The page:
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Back Muscles

Lower Back Motion and Back Pain

"Fifty percent of flexion (bending forward) occurs at the hips, and fifty percent occurs at the lumbar spine (lower back). The motion is divided between the five motion segments in the lower back, although a disproportionate amount of the motion is at L4-L5 (lumbar segment 4 and 5) and L3-L4 (lumbar segment 3 and 4)." (Dr. Ullrich, 2009)

"Consequently, these two segments of the lower back are the most likely to break down with degeneration. As these segments break down they can become unstable with an excess of motion creating lower back pain. There are a number of non-surgical treatments available to help manage the low back pain, and a surgical fusion can help alleviate the back pain by stopping the motion." (Dr. Ullrich, 2009)

 

Extensor, Flexor and Oblique Muscles and Back Pain

Three types of back muscles that help the spine function are extensors, flexors and obliques.

  • "The extensor muscles are attached to the posterior (back) of the spine and enable standing and lifting objects. These muscles include the large paired muscles in the lower back (erector spinae), which help hold up the spine, and gluteal muscles." (Dr. Ullrich, 2009)

  • "The flexor muscles are attached to the anterior (front) of the spine (which includes the abdominal muscles) and enable flexing, bending forward, lifting, and arching the lower back." (Dr. Ullrich, 2009)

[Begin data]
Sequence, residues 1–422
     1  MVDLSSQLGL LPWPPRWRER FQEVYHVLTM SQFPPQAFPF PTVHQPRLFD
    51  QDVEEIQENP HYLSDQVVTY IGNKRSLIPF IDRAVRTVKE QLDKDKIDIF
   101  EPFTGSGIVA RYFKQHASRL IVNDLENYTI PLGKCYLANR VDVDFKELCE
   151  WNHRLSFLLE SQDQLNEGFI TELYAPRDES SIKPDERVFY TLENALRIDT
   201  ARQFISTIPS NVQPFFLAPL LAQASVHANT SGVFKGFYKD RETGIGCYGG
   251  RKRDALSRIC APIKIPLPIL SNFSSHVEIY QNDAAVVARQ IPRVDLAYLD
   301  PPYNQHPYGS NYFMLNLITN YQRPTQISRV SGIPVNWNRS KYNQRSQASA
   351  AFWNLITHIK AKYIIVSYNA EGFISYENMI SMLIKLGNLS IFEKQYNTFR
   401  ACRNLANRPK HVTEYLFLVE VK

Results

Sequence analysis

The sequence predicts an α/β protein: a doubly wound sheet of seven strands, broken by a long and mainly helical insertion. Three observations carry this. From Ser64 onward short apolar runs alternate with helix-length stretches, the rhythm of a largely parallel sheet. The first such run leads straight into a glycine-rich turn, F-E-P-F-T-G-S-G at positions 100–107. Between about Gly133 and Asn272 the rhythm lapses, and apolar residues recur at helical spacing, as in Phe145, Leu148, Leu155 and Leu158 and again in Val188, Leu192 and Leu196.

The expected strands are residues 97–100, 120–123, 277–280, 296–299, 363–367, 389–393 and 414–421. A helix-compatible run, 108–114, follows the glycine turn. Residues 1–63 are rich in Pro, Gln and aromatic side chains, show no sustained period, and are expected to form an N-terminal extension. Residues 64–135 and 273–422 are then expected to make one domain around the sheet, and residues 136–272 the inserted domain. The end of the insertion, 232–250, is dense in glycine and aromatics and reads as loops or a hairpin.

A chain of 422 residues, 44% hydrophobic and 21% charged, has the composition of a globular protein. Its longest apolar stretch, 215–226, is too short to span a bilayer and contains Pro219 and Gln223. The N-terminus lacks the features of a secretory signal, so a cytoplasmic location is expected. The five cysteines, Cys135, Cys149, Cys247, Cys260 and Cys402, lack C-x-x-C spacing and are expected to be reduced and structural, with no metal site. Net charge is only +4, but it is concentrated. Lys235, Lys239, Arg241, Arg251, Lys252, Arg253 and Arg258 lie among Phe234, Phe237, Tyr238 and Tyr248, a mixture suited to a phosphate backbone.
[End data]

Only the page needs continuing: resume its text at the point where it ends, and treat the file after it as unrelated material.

• "The oblique muscles are attached to the sides of the spine and help rotate the spine and maintain proper posture." (Dr. Ullrich, 2009)

 

 

Relationship Among Muscles, Posture, and Low Back Pain

"Muscle strength and flexibility are essential to maintaining the neutral spine position. Weak abdominal muscles cause hip flexor muscles to tighten causing an increase in the curve of the low back." (Dr. Ullrich, 2009)

"An unhealthy posture results when the curve is overextended called lordosis or swayback. Proper posture corrects muscle imbalances that can lead to low back pain by evenly distributing weight throughout the spine." (Dr. Ullrich, 2009)

 

 

Function of the Back Muscles

"The back anatomy includes the latissimus dorsi, trapezius, erector spinae, rhomboid, and the teres major. There are several individual muscles within the back anatomy, and it’s important to take a quick look at all of them to see how you can target them effectively and develop a solid back." (Alex, 2012)

"The back anatomy includes some of the most massive and functionally important muscles in the human body. Still, many individuals pay far too little attention to them." (Alex, 2012)

"The back muscles enable you to stand up straight; support and protect your spine; and reach, pull and extend your arms and torso." (Alex, 2012)

"Poorly developed back muscles lead to everything from muscle tweaks and pulls to imbalances of the musculature to the all-too-common hunched-over look (the “Neanderthal look”). All of these things can lead to long term back pain (and chronic complaining!)." (Alex, 2012)

© Eva Jane Gates, all rights reserved

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